The PRI Affiliate Course offerings are unique because of the audiences they target. They are designed not only for people who have learned about and want to learn more about PRI, but also for those who may have never heard of us and only want to know about our science as it relates to their specific area of interest. There are no prerequisites for these courses and people may choose to just take this one course and not go on to take any of our PRI introductory or PRI advanced courses. For that reason, they need a stand-alone clinically relevant course that is chalked full of ideas for clinical success in their specific area of interest, in this case the home.
One of the differences that I’ve found in moving from outpatient to home health is that function is all that really matters. Of course function matters in outpatient and may have been a part of our outpatient goals, but decreasing pain and restoring movement seemed to be at the top of our list. If you decrease pain and restore movement in home health and do nothing else, its not going to get paid for. You cannot just decrease pain if you don’t demonstrate objective progress in specific functional areas like gait, transfers, bed mobility and balance. I know I learned that in school, but it was never really enforced for me in three previous outpatient settings until I made the move to home health. And because home health therapists practice this way, the entire course is built around making functional progress in each of these 4 areas.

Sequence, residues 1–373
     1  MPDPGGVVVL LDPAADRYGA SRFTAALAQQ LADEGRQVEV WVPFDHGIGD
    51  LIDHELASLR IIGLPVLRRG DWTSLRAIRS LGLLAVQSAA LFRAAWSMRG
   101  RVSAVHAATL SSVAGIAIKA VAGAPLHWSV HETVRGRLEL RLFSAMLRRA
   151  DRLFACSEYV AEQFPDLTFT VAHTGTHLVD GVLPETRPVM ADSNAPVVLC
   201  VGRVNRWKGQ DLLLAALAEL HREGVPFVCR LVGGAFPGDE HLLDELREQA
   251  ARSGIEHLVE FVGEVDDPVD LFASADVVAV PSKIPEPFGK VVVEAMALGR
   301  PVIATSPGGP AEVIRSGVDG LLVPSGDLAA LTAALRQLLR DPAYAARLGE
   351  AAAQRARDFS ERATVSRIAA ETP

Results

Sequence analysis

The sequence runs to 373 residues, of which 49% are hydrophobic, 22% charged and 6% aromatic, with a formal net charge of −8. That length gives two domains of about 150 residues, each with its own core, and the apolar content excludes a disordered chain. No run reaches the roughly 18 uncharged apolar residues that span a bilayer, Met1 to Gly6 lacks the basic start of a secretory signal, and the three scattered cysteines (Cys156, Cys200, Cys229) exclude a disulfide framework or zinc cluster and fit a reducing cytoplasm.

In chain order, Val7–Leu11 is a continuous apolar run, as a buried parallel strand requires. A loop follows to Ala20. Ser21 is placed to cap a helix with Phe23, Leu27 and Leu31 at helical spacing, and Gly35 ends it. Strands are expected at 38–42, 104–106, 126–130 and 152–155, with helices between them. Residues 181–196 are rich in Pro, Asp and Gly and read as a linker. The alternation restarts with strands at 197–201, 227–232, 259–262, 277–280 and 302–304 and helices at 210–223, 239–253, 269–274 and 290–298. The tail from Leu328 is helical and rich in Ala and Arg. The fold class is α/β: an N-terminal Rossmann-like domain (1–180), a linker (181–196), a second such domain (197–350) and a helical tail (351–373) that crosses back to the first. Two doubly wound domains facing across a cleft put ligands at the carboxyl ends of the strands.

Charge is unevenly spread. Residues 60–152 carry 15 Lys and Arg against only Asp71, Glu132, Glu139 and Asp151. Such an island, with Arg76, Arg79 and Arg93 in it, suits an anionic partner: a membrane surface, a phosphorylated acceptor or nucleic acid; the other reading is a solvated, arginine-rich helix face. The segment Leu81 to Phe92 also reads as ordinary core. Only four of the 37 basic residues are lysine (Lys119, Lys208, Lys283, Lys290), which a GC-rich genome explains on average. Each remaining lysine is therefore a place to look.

We’re excited about the Affiliate Course program and look forward to collaborating with many of you in the future in a wide variety of specialization areas. I appreciate the opportunity to be the “featured interview”. I hope it wasn’t a let-down for anyone.